Carson Luke, a young boy with autism, shattered bones in his hand and foot after educators grabbed him and tried to shut him into a “scream room.” Kids across the country risked similar harm at least 267,000 times in just one school year. More »
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It’s the latest in a national trend to reduce restraints of school kids.
Amid recent calls for reform, New York City’s Department of Education is introducing new restrictions on suspending and restraining kids in city schools.
A new state report found one public school student was restrained more than 700 times in one year.
Many schools in the state still have no policies or rules around pinning kids down.
Under new rules, Massachusetts schools will not be allowed to use certain techniques to restrain or isolate students as frequently and will have to report all restraints and injuries.
New York City kids make up the vast majority of the students at Massachusetts’ infamous Judge Rotenberg Center, and keep getting sent there despite repeated evidence of abuse.
All school districts in the country are required to tell the federal government how many times kids have been restrained in their schools. But some districts aren't following through.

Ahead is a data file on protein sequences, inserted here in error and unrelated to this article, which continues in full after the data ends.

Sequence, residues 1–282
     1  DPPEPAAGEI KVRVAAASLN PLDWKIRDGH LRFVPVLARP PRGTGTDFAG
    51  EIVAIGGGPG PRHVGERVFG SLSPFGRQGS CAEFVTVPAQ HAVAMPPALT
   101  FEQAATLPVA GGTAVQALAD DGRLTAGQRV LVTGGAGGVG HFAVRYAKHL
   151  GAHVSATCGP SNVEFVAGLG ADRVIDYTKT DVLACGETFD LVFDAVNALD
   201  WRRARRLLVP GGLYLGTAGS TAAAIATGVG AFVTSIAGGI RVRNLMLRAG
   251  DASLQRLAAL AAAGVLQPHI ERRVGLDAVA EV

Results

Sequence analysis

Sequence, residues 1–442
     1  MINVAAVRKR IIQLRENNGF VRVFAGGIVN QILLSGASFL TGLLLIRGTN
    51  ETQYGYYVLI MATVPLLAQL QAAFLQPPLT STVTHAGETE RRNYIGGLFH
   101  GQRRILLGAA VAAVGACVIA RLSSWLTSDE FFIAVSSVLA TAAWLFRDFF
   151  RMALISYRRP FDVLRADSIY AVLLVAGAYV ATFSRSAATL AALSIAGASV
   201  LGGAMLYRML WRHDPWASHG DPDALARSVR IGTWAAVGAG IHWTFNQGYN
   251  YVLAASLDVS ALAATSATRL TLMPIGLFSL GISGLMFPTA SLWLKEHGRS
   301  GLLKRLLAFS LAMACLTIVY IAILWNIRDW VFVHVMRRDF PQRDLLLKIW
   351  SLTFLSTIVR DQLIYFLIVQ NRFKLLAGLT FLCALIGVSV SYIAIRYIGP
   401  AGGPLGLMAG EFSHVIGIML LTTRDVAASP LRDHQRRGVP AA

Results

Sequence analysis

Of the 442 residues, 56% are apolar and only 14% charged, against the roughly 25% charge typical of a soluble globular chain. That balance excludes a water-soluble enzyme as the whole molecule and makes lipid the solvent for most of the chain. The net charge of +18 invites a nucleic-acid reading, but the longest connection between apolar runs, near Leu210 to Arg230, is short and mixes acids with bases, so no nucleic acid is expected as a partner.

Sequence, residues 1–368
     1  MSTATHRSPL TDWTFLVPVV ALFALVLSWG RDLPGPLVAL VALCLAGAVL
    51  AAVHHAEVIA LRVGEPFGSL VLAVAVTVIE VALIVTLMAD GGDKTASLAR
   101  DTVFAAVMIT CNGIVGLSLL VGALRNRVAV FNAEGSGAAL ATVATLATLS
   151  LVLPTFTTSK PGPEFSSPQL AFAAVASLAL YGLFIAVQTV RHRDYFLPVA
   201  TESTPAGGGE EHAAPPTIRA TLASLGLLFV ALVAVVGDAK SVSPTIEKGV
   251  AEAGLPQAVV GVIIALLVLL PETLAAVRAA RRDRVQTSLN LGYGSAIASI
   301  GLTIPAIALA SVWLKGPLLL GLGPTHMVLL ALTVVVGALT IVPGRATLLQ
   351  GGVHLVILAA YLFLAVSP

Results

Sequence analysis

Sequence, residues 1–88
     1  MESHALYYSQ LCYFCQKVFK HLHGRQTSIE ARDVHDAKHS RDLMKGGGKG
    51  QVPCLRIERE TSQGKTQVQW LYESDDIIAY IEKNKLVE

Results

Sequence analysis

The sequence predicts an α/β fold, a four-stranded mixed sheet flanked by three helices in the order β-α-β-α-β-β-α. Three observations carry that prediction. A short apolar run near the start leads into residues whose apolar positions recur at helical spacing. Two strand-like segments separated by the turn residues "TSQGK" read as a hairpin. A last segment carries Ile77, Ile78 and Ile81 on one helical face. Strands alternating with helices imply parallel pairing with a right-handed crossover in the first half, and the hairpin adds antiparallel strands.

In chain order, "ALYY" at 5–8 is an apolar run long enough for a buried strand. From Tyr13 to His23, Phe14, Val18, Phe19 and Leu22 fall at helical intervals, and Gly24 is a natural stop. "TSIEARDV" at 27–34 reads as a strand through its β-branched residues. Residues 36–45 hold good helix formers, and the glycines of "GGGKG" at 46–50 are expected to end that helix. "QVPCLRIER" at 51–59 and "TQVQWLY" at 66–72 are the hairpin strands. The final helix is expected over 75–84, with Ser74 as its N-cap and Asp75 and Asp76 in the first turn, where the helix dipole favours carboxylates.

Investigators found that children were being regularly pinned down or isolated and that their education was suffering as a result.
Republicans say it is a matter of states' rights.
Highlights from our live discussion on the widespread restraint and seclusion of U.S. schoolchildren
Help ProPublica investigate the use of forcible holds and seclusion in public schools by sharing your story.
Carson Luke, a young boy with autism, shattered bones in his hand and foot after educators grabbed him and tried to shut him into a “scream room.” Kids across the country risked similar harm at least 267,000 times in just one school year.
A ProPublica guide to reporting on restraint and seclusion in public schools — sign up to be matched with tips and sources in your state.
Many states have little regulation or oversight of such practices. This map shows where your state stands.
A Minnesota Department of Education report shows these three common restraints. So-called prone restraints are known to restrict breathing and can be lethal to children. About half of states don’t have a law prohibiting public schools from using such restraints.